Tuesday, June 22, 2021
Garden Grows Young Explorers' Understanding of the Natural World
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Katelyn Berman shows off a beekeeper suit designed for someone between the ages of 6 and 8.
   
Tuesday, June 8, 2021
 

STORY AND PHOTOS BY KAREN BOSSICK

Katelyn Berman paused at the fish tank in the lobby of the Wood River Community YMCA and bid good morning to M2, Shorty and Boots, named for the white tips on the end of his fins.

These are the rainbow trout that made the cut when kids in the afterschool program released a hundred tiny trout into the Big Wood River after their eggs matured.

Trout farming is the latest addition to the ever-expanding Bonni's Garden, which began eight years ago with a few potted plants and has since evolved a myriad of plants grown in a greenhouse, a tiny orchard outdoors and a bee colony.

 
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Socks the Trout says “Good morning.”
 

Youngsters in the Y's afterschool program love digging around in the dirt in the greenhouse during winter when four feet of snow cover the ground outside. And this summer it will be ground zero for Nature Explore camps for middle school students.

The camps, which run from 9 a.m. to 3 p.m. four days a week, launched last summer but have been greatly expanded. They offer youth hands-on activities with hydroponic gardening, composting, bee raising and visiting the Wood River Farmers Market.

Whoops! And don't forget the worms. Vermiculture is the star of the show.

"Kids love the worms and they love the bees," said Berman, the Y's director of agriculture. "They're naturally afraid of the bees until they learn about them. Then they see how friendly they are and they fall in love with them."

 
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Jason Shearer checks out the roots on a plant in the hydroponic garden.
 

In case you're wondering, the Y has 36,000 bees. And, with 200 kids coming through the program every year, there hasn't been a single sting.

"Kids love the garden," said Berman. "They're naturally curious about their natural environment. They gain a sense of ownership when they plant something and see it come to life. Plus, they love being outside, and the greenhouse gives them a chance to play in the dirt, even in winter."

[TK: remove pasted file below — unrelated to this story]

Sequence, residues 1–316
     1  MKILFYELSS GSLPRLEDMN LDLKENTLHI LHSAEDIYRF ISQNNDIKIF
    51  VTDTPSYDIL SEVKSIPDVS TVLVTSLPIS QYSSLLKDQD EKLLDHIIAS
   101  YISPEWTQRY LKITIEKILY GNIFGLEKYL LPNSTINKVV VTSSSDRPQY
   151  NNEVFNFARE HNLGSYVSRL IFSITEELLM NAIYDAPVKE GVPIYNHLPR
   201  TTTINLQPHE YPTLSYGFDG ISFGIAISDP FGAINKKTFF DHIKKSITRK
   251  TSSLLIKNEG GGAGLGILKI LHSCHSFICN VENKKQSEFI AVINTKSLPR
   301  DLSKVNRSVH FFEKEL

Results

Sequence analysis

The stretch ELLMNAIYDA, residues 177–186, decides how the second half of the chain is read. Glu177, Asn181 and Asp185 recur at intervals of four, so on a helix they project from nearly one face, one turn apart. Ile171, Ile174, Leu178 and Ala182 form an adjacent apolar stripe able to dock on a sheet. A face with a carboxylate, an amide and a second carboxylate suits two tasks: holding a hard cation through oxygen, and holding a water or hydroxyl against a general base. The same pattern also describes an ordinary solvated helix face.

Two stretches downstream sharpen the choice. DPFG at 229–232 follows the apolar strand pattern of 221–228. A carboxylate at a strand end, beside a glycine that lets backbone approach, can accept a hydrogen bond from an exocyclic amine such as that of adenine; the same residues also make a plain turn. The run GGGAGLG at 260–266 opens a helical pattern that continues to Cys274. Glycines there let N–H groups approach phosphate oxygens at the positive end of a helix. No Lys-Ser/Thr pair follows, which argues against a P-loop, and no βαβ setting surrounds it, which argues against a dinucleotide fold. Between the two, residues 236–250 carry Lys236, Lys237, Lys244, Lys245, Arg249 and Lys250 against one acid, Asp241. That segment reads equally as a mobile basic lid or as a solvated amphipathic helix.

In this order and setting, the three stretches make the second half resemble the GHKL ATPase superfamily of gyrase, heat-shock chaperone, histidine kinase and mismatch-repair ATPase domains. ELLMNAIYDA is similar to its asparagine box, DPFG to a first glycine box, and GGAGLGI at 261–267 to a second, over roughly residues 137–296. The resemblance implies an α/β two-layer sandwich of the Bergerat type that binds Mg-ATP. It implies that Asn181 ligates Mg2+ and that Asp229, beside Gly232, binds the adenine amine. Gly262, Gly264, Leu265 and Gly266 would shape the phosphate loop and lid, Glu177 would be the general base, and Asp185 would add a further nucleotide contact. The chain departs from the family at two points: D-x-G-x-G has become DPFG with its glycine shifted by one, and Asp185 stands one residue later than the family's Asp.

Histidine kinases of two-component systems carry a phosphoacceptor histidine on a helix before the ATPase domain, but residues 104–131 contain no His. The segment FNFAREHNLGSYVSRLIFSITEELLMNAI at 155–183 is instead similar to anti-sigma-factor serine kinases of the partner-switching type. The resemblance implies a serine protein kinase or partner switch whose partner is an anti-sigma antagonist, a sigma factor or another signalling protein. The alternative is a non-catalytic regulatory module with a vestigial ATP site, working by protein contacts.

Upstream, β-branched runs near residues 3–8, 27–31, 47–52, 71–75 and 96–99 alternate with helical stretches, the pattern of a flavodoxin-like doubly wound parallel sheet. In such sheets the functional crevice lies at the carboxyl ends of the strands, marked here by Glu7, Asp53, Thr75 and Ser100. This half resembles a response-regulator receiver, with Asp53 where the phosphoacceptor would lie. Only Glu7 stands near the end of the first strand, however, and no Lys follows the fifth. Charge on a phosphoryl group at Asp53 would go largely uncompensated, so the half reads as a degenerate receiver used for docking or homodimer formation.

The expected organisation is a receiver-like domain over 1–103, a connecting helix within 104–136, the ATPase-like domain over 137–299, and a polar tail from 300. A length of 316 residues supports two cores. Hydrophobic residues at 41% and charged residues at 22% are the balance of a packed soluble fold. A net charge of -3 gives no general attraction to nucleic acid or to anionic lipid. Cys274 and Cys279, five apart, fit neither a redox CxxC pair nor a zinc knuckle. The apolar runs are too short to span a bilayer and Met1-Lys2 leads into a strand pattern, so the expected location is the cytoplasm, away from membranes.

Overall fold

Berman paused at the hydroponic garden, which features vertical garden of peppers, tomatillos, stir-fry mix, oregano and other plants growing in white PVC pipe. Berman filled a giant syringe with liquid plant food and injected it into the water that is recycled through the pipes multiple times a day.

Next to the hydroponic garden is a more traditional garden with tomatoes growing in beds filled with dirt.

 
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Each youngster gets to make their own fairy garden.
 

"We feed the vegetables a vegetable formula. Kids learn it's an efficient way of growing vegetables and it diversifies what you can do. It's also something even apartment renters can do when they don't have a yard--I know someone who has one in his office."

One girl, Astrid, is so proud of the 2-inch zucchini she's growing in a pot that she asks Berman about it every day. Others revel in the fairy gardens each builds.

"Kids love the imagination of pretending. The fairy gardens are magical," said Berman.

in addition to connecting with nature, campers read and write about what they're doing. They use economics and math to figure out cost comparisons of locally grown food versus that grown elsewhere. They assess the carbon footprint of what's grown locally compared with that which is shipped across the nation or even around the world.

 
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Katelyn Berman shows off Astrid’s two-inch zucchini
 

"And they learn how fragile bees and trout are, how hard it is to raise fish and keep bees alive," said Jason Shearer, the Y's director.

Programs like this are fairly rare among Ys nationwide. All Ys are charged with programs they must provide to patrons and all are given free rein to focus on things that fit with their communities. Bonni's Garden was founded in 2016 to honor Bonni Curran following her death in a bicycle accident on Ketchum's Main Street.

"Bonni loved children and she loved growing things. And she had a desire to help children grow through healthy, whole lives," said Shearer.

 

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